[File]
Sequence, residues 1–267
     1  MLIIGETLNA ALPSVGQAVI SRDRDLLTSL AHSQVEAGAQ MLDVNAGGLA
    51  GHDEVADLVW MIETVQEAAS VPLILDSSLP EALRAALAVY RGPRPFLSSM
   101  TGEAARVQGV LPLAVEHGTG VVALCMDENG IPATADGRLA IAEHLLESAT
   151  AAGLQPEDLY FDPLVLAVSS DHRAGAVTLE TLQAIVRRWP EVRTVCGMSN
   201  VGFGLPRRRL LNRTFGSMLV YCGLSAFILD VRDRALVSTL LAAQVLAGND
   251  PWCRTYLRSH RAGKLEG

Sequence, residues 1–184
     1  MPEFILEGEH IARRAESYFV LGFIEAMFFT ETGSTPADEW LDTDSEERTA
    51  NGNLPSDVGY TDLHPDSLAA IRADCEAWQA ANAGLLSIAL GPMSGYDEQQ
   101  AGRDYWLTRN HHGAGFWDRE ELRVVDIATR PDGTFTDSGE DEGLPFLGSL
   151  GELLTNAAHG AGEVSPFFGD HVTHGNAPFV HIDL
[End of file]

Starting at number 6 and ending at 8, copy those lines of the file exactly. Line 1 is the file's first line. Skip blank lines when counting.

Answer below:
   201  VGFGLPRRRL LNRTFGSMLV YCGLSAFILD VRDRALVSTL LAAQVLAGND
   251  PWCRTYLRSH RAGKLEG

Sequence, residues 1–184